Etymology
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senate (n.)

c. 1200, "the legal and administrative body of ancient Rome," from Old French senat or Latin senatus "highest council of the state in ancient Rome," literally "council of elders," from senex (genitive senis) "old man, old" (from PIE root *sen- "old").

It is attested from late 14c. in reference to governing bodies of free cities in Europe (Italy); of national governing bodies from 1550s (typically the upper or less-numerous branch of the legislature). The specific sense of "upper house of the U.S. legislature" is recorded from 1775.

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-ate (1)

word-forming element used in forming nouns from Latin words ending in -atus, -atum (such as estate, primate, senate). Those that came to English via French often arrived with -at, but an -e was added after c. 1400 to indicate the long vowel. The suffix also can mark adjectives formed from Latin past participles in -atus, -ata (such as desolate, moderate, separate); again, they often were adopted in Middle English as -at, with an -e appended after c. 1400.

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*sen- 
Proto-Indo-European root meaning "old."

It forms all or part of: monseigneur; seignior; senate; senescent; seneschal; senicide; senile; senility; senior; seniority; senor; senora; senorita; shanachie; Shannon; signor; sir; sire; surly.

It is the hypothetical source of/evidence for its existence is provided by: Sanskrit sanah "old;" Avestan hana- "old," Old Persian hanata- "old age, lapse of time;" Armenian hin "old;" Greek enos "old, of last year;" Latin senilis "of old age," senex "old, old man;" Lithuanian senas "old," senis "an old man;" Gothic sineigs "old" (used only of persons), sinistra "elder, senior;" Old Norse sina "dry standing grass from the previous year;" Old Irish sen, Old Welsh hen "old."
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S.P.Q.R. 
the insignia of Rome, from Latin Senatus Populusque Romanus "the Senate and People of Rome."
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senatorial (adj.)

"of or pertaining to a senate or senators," 1740, from French sénatorial or from Latin senatorius "pertaining to a senator" or formed in English from senator + -al (1). Earlier adjectives were senatory (1520s), senatorian (1610); senatorical (1610s), and the best of the lot, senatorious (1660s). Related: Senatorially.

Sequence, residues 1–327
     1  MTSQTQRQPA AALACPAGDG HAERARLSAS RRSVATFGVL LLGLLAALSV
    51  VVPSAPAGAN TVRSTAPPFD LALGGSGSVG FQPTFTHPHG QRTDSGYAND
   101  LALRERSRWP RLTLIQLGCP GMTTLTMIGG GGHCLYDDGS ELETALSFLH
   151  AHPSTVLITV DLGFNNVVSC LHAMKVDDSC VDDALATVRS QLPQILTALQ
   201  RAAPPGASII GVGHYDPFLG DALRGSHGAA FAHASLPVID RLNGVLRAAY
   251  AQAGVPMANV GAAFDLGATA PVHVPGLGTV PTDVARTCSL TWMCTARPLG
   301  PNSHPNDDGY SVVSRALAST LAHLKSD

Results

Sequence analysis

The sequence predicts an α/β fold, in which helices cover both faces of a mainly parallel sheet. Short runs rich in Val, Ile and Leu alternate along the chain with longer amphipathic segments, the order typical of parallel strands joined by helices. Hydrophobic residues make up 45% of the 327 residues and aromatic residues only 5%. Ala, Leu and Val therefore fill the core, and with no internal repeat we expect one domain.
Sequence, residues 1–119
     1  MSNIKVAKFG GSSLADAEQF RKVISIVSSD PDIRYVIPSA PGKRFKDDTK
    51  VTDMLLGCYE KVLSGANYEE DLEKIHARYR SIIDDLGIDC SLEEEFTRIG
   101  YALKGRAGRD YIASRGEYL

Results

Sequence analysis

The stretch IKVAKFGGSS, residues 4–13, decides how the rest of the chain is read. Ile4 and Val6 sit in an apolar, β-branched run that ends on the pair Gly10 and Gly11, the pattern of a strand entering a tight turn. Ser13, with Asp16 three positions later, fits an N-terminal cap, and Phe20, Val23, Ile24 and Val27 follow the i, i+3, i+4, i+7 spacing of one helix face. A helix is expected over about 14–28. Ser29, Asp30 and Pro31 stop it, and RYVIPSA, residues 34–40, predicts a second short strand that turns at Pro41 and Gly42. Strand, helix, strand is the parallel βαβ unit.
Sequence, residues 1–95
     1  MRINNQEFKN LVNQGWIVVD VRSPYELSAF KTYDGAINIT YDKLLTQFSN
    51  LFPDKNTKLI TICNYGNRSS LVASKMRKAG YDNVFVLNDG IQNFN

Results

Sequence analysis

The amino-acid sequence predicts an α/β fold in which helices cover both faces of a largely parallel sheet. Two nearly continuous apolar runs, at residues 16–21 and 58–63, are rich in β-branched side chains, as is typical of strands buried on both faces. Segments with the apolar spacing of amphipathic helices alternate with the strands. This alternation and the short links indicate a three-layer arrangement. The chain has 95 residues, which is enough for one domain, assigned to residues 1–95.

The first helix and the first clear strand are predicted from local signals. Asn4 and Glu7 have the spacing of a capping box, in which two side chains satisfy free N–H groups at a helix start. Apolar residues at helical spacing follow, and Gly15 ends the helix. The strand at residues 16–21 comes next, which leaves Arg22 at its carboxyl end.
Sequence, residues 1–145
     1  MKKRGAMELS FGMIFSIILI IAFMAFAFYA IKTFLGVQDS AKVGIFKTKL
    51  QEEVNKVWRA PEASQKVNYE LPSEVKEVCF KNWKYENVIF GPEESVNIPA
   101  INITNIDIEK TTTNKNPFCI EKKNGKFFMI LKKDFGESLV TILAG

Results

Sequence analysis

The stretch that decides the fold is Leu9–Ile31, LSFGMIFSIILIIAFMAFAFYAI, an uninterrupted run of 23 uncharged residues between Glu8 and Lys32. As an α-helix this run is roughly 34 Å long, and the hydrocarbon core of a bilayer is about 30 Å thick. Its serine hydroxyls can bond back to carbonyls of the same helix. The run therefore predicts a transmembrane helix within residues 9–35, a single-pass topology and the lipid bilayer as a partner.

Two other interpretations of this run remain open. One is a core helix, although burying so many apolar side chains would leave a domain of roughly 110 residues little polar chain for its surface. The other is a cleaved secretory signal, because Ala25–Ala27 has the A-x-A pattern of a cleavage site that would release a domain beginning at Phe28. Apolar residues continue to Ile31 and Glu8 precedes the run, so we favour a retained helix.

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inferiority (n.)

"state of being inferior," 1590s, probably from Medieval Latin *inferioritas; see inferior + -ity. Inferiority complex first attested 1919.

The surrender of life is nothing to sinking down into acknowledgment of inferiority. [John C. Calhoun, Senate debate, Feb. 19, 1847]
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curia (n.)

c. 1600, one of the ten divisions of each of the three ancient Roman tribes; also "the Senate-house of Rome," from Latin curia "court," perhaps from *co-wiria "community of men" (from PIE root *wi-ro- "man"). The sense was transferred to the papal court (by 1825). Related: Curial.

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veto (n.)
1620s, from Latin veto, literally "I forbid," first person singular present indicative of vetare "forbid, prohibit, oppose, hinder," of unknown origin. In ancient Rome, the "technical term for protest interposed by a tribune of the people against any measure of the Senate or of the magistrates" [Lewis].
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consultation (n.)

early 15c., "a meeting of persons to consult together;" 1540s, "act of consulting," from Latin consultationem (nominative consultatio) "a mature deliberation, consideration," noun of action from past-participle stem of consultare "to consult, ask counsel of; reflect, consider maturely," frequentative of consulere "to deliberate, consider," originally probably "to call together," as in consulere senatum "to gather the senate" (to ask for advice), from assimilated form of com "with, together" (see con-) +  *selere "take, gather," for a total sense of "gather (the Senate) together," from PIE *selho- "to take, seize."

De Vaan writes: "Since consuleredoes not look like a derivative of consul (we would rather expect consulare), it appears that the verb was original and meant 'to get together, deliberate'."

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Bacchanalia (n.)
"drunken revelry," 1630s, from the name of the Roman festival held in honor of Bacchus, from neuter plural of Latin bacchanalis "having to do with Bacchus" (q.v.); the festivals became so notorious for excess that they were forbidden by the Senate 186 B.C.E. A participant is a Bacchant (1690s), fem. Bacchante, from French. The plural of both is Bacchantes.
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